You must use a full qualified path. For example: \\server\share\Office15\setup.exe /config \\server\share\Office15\ProPlus.WW\Config.xml

    where Office15 is the root of the network installation point.

    Because Setup also recognizes language packs as separate products, make sure that you specify the Config.xml file for the Office product that you are updating, and not the language pack.

To deploy these languages for new Office 2013 installations, see Specify which languages to install in the article Customize language setup and settings for Office 2013 and import existing customization .msp files into a new customization .msp file. A static list of the products contained in the installation source is built only during the initial creation of a customization file. If you later add more languages to the installation source, the existing customization file is not updated to reflect this change. For more information, see To import a customization .msp file to add languages to an existing installation in the article Import an Office 2013 Setup customization file (although this article was written for Office 2010, the concepts and procedures it provides also apply to Office 2013).

Deploy language packs

If you deployed multiple Office 2013 products in your organization and you must add more language support, you can deploy language packs as separate products. In this case, Setup installs language-specific elements for every product in Office 2013. No matter which products users have installed, users can access the additional language versions.

For this deployment method to work, there must be at least one Office 2013 product installed on the computer that you are deploying to.

When you deploy language packs separately, you must consider the disk space that is required on users' computers. Language pack requirements range from 800MB to 1.5 GB of hard disk space that is needed.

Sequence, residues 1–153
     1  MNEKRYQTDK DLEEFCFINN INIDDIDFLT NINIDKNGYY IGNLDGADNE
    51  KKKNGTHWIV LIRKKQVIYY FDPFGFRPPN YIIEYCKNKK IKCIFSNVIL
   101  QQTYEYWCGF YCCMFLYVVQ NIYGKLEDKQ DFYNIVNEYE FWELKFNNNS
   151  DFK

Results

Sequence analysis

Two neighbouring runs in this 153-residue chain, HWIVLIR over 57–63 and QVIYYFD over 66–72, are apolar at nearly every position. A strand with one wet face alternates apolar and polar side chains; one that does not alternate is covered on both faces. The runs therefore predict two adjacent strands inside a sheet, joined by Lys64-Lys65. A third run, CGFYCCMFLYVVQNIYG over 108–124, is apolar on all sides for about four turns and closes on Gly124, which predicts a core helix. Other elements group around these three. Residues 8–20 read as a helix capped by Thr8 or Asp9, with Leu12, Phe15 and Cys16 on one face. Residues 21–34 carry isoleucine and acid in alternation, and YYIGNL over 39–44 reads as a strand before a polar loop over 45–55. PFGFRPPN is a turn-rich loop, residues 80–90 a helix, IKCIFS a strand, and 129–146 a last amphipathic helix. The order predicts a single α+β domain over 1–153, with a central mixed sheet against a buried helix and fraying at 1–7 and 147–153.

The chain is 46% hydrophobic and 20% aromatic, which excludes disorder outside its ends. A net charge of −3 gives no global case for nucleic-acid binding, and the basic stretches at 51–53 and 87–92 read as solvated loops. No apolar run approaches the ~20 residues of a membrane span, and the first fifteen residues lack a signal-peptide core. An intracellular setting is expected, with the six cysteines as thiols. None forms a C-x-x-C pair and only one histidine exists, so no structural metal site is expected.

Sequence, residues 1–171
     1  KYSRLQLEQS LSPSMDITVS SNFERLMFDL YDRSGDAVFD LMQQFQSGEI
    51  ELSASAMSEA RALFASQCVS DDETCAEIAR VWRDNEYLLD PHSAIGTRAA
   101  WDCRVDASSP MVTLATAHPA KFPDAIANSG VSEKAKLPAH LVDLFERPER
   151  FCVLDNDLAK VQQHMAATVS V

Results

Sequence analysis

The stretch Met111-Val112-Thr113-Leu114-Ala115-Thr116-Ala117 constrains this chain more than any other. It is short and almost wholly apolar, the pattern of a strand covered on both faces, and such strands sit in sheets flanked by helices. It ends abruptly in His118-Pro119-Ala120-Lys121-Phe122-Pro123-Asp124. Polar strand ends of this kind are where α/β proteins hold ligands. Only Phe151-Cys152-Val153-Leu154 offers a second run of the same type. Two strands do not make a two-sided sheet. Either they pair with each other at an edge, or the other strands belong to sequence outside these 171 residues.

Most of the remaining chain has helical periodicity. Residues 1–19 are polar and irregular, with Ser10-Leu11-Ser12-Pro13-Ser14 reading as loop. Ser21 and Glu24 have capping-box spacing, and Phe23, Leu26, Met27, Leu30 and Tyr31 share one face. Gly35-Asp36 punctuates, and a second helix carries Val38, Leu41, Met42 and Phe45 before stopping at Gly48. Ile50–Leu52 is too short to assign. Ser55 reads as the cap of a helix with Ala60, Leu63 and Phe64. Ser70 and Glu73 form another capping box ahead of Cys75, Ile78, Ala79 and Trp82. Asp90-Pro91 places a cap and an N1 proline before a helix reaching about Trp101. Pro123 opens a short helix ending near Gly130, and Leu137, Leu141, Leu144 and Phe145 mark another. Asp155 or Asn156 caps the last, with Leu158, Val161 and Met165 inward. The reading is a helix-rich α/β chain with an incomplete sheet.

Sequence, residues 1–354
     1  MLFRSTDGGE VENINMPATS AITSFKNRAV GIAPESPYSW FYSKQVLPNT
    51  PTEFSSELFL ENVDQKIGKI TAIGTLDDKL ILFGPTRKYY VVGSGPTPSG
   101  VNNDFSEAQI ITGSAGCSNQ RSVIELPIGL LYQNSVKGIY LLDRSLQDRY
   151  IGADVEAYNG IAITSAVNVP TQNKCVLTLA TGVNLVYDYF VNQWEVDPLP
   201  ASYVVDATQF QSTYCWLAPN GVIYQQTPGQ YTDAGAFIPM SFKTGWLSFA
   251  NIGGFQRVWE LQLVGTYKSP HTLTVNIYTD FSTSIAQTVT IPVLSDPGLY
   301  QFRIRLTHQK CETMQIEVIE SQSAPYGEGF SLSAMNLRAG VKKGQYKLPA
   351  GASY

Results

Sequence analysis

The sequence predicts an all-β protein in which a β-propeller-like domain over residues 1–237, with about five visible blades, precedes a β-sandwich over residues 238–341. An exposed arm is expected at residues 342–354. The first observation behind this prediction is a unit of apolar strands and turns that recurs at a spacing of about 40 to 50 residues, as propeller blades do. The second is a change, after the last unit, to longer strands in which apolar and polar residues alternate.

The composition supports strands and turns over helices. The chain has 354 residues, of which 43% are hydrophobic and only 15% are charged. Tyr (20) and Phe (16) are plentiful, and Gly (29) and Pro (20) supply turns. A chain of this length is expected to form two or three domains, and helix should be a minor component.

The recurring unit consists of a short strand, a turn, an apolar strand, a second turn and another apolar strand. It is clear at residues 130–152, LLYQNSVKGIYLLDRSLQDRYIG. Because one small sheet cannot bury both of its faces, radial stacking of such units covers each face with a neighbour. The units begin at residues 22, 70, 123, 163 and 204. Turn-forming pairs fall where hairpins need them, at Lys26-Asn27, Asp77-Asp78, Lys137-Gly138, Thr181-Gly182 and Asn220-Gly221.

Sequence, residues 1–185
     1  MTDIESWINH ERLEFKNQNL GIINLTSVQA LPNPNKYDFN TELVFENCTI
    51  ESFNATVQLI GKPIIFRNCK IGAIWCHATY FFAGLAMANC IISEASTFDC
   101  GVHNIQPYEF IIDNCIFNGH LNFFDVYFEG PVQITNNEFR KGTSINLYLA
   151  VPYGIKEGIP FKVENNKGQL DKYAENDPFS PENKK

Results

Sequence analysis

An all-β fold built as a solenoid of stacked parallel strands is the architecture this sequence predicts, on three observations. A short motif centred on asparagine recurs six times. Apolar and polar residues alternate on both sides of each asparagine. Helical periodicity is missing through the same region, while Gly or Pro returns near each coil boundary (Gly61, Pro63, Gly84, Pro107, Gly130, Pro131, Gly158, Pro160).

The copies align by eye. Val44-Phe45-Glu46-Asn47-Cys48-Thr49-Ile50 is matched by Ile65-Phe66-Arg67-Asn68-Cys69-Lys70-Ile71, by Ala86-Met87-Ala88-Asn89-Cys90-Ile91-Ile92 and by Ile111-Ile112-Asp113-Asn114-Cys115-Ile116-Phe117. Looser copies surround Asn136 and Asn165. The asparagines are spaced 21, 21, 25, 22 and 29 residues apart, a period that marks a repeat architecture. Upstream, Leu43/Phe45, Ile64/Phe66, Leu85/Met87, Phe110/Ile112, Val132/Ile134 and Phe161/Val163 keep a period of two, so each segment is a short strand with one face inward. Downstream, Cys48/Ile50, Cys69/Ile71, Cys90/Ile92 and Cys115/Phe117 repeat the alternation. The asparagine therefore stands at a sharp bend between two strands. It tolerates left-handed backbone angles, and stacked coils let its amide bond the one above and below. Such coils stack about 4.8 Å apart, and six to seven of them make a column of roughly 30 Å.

Language-specific elements for Project 2013 and Visio 2013 are installed separately. In each language pack, the core product folder for Project 2013 is PMUI.ll-cc. The core product folder for Visio 2013 is VisMUI.ll-cc.

To deploy language packs

  1. Copy all files and folders in the new language pack from the source media to a location on the network. If you are using an Office 2013 Multi-Language Pack, you can copy just the files and folders for the languages that you want to install. When you are prompted to overwrite Setup files, choose No.

  2. In the core product folder for the language pack that you are installing, locate the Config.xml file.

    For example, if you are installing the Russian language pack, find the Config.xml file in the OMUI.ru-ru folder.

  3. Run the language pack Setup from the root of the network installation point for the Office 2013 Multi-Language Pack or Office 2013 Language Pack, and specify the path of the Config.xml file on the command line. For example:

    \\server\share\Office15\LP\Setup.exe /Config \\server\share\Office15\LP\RU\OMUI.ru-ru\Config.xml

    where Office15\LP is the root of the network installation point for the language packs and RU is the language folder name.

    Complete the previous steps for each language that you want to install.

To deploy these languages for new Office 2013 installations, see Specify which languages to install in Customize language setup and settings for Office 2013 and import existing customization .msp files into a new customization .msp file. A static list of the products contained in the installation source is built only during the initial creation of a customization file. If you later add more languages to the installation source, the existing customization file is not updated to reflect this change. For more information, see To import a customization .msp file to add languages to an existing installation in the article Import an Office 2013 Setup customization file (although this article was written for Office 2010, the concepts and procedures it provides also apply to Office 2013).

Remove language packs

If the Office 2013 Language Packs were deployed as separate products, they can be removed by using Windows Add or Remove Programs.